Preparing one lecture about resonance in cylindrical tubes with one closed end, I decided to make some experiments to compare calculated frequencies and measured ones.

We can find anwhere (click here, for example) that the frequencies in such cylindrical tubes match the following formula: $$ f_n = n \cdot \frac{c}{4L}, $$ where $n = 1, 3, 5, 7, ...$, $c \approx 330~\mathrm{m/s}$ is the speed of sound in air, and $L$ is the length of the tube. For one experiment, I used a bottle with $L = 22.5~\mathrm{cm}$ (see the figure below), so that the first resonant frequency is expected to be $f_1 = 367~\mathrm{Hz}$. However, I used a mobile app called Sound Analyzer (click here to install) and measured half of that value. I repeated this test for different bottles, always finding the same discrepancy of a factor of half.

Searching in the internet, I found some pages and articles about Helmholtz resonance, as can be found here: Frequency of the sound when blowing in a bottle.

Every page or paper about Helmholtz resonance present the formula for the frequency: $$ f = \frac{c}{2\pi} \sqrt{\frac{A}{LV}}, $$ where $L$ is the length of the neck of the tube, $A$ is the area of the aperture, and $V$ is the volume of the resonant cavity.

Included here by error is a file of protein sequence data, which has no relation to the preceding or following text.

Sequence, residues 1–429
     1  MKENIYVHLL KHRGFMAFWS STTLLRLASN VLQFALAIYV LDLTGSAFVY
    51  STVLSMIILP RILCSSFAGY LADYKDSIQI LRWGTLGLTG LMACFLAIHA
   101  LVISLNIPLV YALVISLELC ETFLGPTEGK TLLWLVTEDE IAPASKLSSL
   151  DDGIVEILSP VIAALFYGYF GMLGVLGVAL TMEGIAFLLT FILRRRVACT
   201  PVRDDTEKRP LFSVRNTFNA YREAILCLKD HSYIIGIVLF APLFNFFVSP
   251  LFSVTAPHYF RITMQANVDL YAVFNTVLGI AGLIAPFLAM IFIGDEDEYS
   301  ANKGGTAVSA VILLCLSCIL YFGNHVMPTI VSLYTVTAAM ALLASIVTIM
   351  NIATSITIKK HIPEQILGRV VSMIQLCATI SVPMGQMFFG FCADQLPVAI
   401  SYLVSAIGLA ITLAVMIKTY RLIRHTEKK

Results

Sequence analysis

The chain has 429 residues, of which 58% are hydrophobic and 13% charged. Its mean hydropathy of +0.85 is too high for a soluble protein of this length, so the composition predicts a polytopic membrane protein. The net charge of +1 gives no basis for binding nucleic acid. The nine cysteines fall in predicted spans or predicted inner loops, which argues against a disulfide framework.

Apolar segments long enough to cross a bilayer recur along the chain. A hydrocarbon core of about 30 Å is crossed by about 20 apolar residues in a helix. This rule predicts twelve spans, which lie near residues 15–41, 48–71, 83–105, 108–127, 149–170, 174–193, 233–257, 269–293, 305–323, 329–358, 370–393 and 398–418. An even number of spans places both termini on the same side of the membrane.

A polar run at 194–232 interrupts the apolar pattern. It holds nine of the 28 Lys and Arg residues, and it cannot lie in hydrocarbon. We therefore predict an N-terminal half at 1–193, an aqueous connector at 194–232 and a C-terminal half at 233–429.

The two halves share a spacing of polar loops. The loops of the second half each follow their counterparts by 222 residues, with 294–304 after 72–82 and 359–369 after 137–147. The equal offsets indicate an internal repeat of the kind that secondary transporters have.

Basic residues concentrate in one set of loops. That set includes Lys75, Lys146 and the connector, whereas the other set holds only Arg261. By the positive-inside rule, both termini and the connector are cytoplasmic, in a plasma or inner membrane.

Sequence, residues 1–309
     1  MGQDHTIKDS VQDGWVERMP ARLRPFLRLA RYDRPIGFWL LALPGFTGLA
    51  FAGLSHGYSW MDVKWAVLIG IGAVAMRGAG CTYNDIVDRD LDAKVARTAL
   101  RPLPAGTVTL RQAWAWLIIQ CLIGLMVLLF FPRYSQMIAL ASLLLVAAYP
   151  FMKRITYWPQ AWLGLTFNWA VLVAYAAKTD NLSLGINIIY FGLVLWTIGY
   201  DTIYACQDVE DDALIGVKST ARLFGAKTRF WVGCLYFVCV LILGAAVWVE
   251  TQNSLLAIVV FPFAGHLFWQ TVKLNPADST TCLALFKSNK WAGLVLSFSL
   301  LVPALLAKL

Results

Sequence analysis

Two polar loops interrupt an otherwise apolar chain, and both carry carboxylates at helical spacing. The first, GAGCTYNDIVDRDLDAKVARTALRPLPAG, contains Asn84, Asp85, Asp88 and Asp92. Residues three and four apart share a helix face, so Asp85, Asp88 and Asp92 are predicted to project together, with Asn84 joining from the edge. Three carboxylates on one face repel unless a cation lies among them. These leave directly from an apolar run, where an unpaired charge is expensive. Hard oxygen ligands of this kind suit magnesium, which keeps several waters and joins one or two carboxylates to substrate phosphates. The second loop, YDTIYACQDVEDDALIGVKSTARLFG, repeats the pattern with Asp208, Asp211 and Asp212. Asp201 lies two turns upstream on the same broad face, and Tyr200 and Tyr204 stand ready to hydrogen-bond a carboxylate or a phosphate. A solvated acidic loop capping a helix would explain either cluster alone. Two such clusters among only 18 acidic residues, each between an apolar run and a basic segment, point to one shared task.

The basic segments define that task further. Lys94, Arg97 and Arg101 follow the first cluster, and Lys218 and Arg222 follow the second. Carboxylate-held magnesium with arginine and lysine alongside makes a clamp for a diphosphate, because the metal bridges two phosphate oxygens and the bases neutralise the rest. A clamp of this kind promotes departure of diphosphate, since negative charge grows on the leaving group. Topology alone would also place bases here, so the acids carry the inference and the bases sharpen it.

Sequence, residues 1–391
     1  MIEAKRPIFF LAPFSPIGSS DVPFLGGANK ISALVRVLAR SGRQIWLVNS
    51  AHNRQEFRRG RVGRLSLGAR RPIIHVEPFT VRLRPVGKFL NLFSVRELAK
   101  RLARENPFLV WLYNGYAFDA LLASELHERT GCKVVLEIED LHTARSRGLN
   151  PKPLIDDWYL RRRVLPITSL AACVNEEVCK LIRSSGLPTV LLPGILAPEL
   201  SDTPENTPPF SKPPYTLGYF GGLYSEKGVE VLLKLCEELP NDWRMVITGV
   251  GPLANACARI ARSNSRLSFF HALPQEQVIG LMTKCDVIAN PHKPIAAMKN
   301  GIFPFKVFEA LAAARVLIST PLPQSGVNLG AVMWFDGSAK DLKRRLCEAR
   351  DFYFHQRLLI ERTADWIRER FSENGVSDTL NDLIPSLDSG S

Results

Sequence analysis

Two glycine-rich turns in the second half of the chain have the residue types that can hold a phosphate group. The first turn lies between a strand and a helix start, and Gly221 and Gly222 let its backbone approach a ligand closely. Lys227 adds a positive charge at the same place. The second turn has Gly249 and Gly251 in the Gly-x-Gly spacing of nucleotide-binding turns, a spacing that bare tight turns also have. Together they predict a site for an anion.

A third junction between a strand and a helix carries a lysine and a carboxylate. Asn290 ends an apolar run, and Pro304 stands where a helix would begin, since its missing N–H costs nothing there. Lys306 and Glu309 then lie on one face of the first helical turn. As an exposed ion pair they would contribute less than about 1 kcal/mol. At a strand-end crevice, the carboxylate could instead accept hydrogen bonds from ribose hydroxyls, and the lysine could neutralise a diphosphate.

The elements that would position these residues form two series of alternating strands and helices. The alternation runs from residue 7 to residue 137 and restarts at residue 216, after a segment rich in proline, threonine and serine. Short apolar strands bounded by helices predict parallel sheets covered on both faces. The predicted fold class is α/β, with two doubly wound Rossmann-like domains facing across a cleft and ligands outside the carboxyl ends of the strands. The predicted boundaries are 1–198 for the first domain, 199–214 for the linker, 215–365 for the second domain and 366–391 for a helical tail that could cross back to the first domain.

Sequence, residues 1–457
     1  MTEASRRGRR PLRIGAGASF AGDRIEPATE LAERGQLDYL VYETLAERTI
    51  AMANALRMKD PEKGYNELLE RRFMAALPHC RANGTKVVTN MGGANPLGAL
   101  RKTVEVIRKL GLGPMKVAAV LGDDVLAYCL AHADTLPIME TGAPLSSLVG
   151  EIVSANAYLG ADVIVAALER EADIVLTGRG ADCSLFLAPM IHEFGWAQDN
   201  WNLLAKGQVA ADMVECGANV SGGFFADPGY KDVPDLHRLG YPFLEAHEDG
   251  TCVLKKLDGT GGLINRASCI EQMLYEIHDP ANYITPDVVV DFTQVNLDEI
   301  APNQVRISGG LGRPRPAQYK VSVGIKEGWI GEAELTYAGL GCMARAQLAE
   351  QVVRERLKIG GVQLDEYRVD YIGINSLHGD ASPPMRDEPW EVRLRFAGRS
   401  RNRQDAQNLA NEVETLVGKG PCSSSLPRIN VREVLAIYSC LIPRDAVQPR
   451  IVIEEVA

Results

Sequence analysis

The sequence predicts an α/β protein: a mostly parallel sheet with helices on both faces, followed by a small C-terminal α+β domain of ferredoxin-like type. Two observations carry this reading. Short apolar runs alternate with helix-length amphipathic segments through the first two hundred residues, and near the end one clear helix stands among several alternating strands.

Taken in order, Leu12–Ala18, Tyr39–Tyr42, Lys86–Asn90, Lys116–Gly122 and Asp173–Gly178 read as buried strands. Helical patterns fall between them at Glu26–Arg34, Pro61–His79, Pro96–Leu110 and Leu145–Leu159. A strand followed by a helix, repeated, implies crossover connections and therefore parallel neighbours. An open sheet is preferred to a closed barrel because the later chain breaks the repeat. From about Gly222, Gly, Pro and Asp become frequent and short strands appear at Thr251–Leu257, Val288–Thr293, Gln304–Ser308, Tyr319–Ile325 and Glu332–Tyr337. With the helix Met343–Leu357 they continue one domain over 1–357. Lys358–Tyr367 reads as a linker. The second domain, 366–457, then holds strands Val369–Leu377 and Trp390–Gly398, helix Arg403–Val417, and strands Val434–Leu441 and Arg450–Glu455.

Using Helmholtz formula, therefore, I measured the neck to be $L = 9~\mathrm{cm}$, $A = 3,80~\mathrm{cm^2}$, and $V = 450~\mathrm{mL}$, so that $f \approx 161~\mathrm{Hz}$, much closer than the first calculation.

But I belive that the bottle is quite close to a cylinder, so that manipulating the Helmholtz formula, approaching the generalized, I made $V = AL$, so that the final formula turns to $$ f = \frac{c}{2\pi L}, $$ which is somwhat different from the first equation at the beginning of this question.

My question is, why I always measure half of the calculated frequency for the first resonance mode of one closed end cylinder, no matter the bottle I try (as long as it is a bottle with behaved shape similar to the one in the picture)?

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1 Answer 1


I measured the neck to be L= 9 cm The value of $L$ (the effective length) which you have entered into the Helmholtz resonance formula is probably the source of your discrepancy as it is not well defined with your bottle with a tapered neck and there is also an extra length correction to be made as one would do with the end correction for a cylindrical tube.

UNSW (University of New South Wales) has an excellent acoustics section on the Helmholtz resonator which explains what correction you might make.

At the end of the page there is a .wav file of frequency 90 Hz which you could use to check the calibration of your spectrum analyser.

See also the answers to the post Frequency of the sound when blowing in a bottle and by taking a set of frequency readings for different volumes you can estimate the effective length of your resonator.


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